One World Festival: Lunar New Year Celebration

This blog was contributed by Fengzhi Zhao, who is reading a PhD in Applied Linguistics and is Chair of the Birkbeck Chinese Society; Kevin Lau, who is studying Management at Birkbeck and is the SU Postgraduate Officer; and La Young Jackson, International Liaison Officer at Birkbeck.  

Birkbeck students celebrating Lunar New Year

On January 24 2020the day before the Lunar New Year, a celebratory event was held at Birkbeck.  

London has a large international community and so here at Birkbeck, University of London we held our own Lunar New Year celebrations to celebrate the start of the Year of the Rat! As part of the One World FestivalLa Young from International Student Administration, Kevin from the Students’ Union, and Fengzhi from the Birkbeck Chinese Society teamed up and transformed an ordinary teaching room into a room of festive activities and fun!  

Lunar New Year is the most important festival in many Far East countries such as China, Korea, Singapore and Vietnam. The event not only celebrated the festival for students, alumni and staff from these countries, but also provided a chance for those from other countries to experience the festival atmosphere of different culture. Students and staff had the opportunity to try various Asian snacks and drinks, with many snacks and decorations being directly shipped from Hong Kong, China.  

“With typical decorations such as Lucky Cat, Chinese couplets, and red lanterns, we are immersed in true Chinese New Year atmosphere”, said Fengzhi.  

There were many activities for students to participate. One activity was crafting Red Envelope Fish, which is commonly taught at primary school but can be easily be enjoyed by university students. As part of the New Year celebrations in China, in Mandarin, the word “fish” sounds similar to “surplus” and so it is considered to be auspicious and brings wealth to the person.  

Lucky red fish for Lunar New Year

It was a pleasure to introduce students to our traditions of celebrating the start of the New Year. I really appreciate all students from around the world taking an interest and understanding of why the colour red is so important to many of our cultures. And to all students, I wish them “学习进步” (progress in studies) and “金榜题名” (success in examination),” said Kevin. 

Students were also challenged to compete in a traditional Korean game of Jegichagi, where students would kick a jegi and keep it in the air for as long as possible. A feat that may be easy for those on the Birkbeck Football Team, but may be challenging for others!

Red envelope giving is a traditional Chinese gift that contains money and is given during holidays and special occasions. This tradition is about bestowing good luck and fortune to others. Students were shown how to make their own red envelopes and to write their own messages of good luck and fortune to those they wish to bestow fortune to, but were also given a more modern red envelope shipped directly from Hong Kong. Everyone who attended the event left with a red envelope with (chocolate) coins!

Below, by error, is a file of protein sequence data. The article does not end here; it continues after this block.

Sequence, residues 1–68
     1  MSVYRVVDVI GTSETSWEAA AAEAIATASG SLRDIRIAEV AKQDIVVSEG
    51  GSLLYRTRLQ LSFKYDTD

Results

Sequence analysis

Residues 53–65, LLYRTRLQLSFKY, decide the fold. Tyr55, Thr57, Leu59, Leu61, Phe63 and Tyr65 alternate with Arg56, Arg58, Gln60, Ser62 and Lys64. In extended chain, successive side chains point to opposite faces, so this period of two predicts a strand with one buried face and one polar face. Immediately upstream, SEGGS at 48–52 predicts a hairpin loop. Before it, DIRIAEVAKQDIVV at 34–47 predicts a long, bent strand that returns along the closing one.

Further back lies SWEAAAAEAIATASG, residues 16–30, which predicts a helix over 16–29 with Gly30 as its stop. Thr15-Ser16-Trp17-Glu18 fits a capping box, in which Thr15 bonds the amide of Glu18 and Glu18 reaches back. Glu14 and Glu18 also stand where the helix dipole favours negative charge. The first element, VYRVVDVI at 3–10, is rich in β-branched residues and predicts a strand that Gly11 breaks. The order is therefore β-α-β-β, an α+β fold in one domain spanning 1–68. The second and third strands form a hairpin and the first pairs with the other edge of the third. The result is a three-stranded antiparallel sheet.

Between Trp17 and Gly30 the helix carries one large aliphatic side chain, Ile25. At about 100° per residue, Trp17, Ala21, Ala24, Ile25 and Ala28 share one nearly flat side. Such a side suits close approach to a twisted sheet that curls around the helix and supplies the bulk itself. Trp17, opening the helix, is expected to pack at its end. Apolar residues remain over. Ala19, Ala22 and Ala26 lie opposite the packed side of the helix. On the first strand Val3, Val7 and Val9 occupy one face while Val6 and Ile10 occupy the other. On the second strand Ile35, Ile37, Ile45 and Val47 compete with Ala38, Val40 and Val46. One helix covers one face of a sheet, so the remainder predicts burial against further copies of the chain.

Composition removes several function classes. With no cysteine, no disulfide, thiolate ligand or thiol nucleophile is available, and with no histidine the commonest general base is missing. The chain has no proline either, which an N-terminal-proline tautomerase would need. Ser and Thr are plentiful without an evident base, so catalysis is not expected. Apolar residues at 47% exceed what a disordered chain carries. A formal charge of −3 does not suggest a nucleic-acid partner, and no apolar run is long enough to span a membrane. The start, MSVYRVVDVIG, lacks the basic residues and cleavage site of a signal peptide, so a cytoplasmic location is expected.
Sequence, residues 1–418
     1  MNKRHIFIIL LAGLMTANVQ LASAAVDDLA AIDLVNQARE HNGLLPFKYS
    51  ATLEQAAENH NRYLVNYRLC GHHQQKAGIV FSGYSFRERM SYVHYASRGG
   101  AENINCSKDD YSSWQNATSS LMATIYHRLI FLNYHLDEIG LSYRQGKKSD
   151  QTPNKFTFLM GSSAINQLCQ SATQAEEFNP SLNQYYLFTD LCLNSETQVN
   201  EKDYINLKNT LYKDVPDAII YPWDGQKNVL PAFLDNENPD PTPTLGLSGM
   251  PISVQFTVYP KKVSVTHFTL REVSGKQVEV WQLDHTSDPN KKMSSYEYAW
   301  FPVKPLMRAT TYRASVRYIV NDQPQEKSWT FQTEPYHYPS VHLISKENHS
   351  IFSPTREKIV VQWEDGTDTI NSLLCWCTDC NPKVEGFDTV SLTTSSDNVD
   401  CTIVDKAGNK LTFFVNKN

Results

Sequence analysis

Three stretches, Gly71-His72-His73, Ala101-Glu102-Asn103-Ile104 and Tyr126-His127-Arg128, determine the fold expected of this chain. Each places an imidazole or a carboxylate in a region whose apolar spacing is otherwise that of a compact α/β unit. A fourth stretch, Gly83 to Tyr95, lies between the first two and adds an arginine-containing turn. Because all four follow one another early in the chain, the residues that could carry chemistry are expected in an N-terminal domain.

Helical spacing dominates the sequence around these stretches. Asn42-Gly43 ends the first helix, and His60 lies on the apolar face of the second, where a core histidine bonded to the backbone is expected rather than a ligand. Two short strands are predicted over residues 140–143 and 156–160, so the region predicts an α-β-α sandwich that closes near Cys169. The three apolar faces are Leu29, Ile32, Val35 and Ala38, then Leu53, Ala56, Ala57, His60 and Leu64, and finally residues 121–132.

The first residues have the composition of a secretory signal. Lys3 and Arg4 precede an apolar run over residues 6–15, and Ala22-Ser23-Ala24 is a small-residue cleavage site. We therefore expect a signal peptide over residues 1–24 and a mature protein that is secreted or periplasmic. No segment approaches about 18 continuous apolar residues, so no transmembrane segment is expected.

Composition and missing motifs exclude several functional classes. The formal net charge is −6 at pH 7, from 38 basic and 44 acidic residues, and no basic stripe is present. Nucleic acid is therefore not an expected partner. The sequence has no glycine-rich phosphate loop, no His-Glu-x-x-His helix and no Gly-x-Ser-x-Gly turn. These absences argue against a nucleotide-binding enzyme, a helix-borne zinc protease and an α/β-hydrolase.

And so from all of us here at Birkbeck, we hope everyone will have a great Lunar New Year!

Fengzhi and Kevin

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One World Festival: Excursion to Bletchley Park

On this historical day trip, Birkbeck’s international students took a firsthand look at the key role played by British codebreakers during the Second World War.

The One World Festival is a programme of free events to celebrate Birkbeck’s diverse, international culture. The first outing in this year’s festival took place on Saturday 16 November, with Birkbeck’s international students gathering at Euston Station for a day trip back in time.

In just under an hour, students were transported out of Bloomsbury and into the secretive world of Bletchley Park, the headquarters of British codebreakers during the Second World War. Besides its historical context, Bletchley Park offers stunning scenery and an insight into the world’s earliest computers. Furthermore, with the legacy of Alan Turing hanging in the air, Birkbeck’s international students were able to experience what a difference a great mind can make with determination.

Students spent the day exploring the secretive world of Bletchley Park.

Throughout the Second World War, Bletchley Park led the British efforts to decode the encrypted Enigma messages of the German armed forces. After years of trials and tribulations, Alan Turing was successful in leading a team of mathematicians to success. In creating what was at the time one of the world’s most intricate computers, the German Enigma code was cracked against the odds.

A team of mathematicians developed computers to decode German communications.

Whilst it is always refreshing to experience a change of scenery, this excursion allowed Birkbeck’s international students to see another side of Britain and its history. With a great deal of emphasis placed on the role of the armed forces in times of war, Bletchley Park tells the story of academic genius and its potential to change the course of history.

Bletchley Park grounds: a refreshing change of scenery from central London.